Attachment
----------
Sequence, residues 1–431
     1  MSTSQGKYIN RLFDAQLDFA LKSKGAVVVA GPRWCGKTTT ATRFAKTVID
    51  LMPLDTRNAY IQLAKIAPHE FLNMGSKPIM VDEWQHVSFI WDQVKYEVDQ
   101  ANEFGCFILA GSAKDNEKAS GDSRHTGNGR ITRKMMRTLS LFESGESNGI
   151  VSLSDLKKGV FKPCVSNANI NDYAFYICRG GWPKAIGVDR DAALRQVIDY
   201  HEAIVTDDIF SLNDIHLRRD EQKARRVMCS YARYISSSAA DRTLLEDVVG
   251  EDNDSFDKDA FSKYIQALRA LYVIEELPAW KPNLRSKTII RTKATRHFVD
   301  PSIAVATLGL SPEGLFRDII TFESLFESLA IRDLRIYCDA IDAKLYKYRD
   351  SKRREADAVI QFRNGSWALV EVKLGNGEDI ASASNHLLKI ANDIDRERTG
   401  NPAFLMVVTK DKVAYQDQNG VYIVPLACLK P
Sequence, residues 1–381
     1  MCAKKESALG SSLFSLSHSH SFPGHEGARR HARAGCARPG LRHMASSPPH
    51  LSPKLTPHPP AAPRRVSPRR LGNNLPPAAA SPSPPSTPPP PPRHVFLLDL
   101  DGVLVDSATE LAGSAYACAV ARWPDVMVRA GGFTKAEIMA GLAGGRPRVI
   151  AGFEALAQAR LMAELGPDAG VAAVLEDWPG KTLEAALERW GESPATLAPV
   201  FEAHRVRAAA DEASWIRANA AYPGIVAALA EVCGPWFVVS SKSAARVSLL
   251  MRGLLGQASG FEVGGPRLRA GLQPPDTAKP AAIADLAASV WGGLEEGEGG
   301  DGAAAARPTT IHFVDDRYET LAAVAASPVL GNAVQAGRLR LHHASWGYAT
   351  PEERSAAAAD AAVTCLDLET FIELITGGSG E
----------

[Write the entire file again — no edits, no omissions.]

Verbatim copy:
Sequence, residues 1–431
     1  MSTSQGKYIN RLFDAQLDFA LKSKGAVVVA GPRWCGKTTT ATRFAKTVID
    51  LMPLDTRNAY IQLAKIAPHE FLNMGSKPIM VDEWQHVSFI WDQVKYEVDQ
   101  ANEFGCFILA GSAKDNEKAS GDSRHTGNGR ITRKMMRTLS LFESGESNGI
   151  VSLSDLKKGV FKPCVSNANI NDYAFYICRG GWPKAIGVDR DAALRQVIDY
   201  HEAIVTDDIF SLNDIHLRRD EQKARRVMCS YARYISSSAA DRTLLEDVVG
   251  EDNDSFDKDA FSKYIQALRA LYVIEELPAW KPNLRSKTII RTKATRHFVD
   301  PSIAVATLGL SPEGLFRDII TFESLFESLA IRDLRIYCDA IDAKLYKYRD
   351  SKRREADAVI QFRNGSWALV EVKLGNGEDI ASASNHLLKI ANDIDRERTG
   401  NPAFLMVVTK DKVAYQDQNG VYIVPLACLK P
Sequence, residues 1–381
     1  MCAKKESALG SSLFSLSHSH SFPGHEGARR HARAGCARPG LRHMASSPPH
    51  LSPKLTPHPP AAPRRVSPRR LGNNLPPAAA SPSPPSTPPP PPRHVFLLDL
   101  DGVLVDSATE LAGSAYACAV ARWPDVMVRA GGFTKAEIMA GLAGGRPRVI
   151  AGFEALAQAR LMAELGPDAG VAAVLEDWPG KTLEAALERW GESPATLAPV
   201  FEAHRVRAAA DEASWIRANA AYPGIVAALA EVCGPWFVVS SKSAARVSLL
   251  MRGLLGQASG FEVGGPRLRA GLQPPDTAKP AAIADLAASV WGGLEEGEGG
   301  DGAAAARPTT IHFVDDRYET LAAVAASPVL GNAVQAGRLR LHHASWGYAT
   351  PEERSAAAAD AAVTCLDLET FIELITGGSG E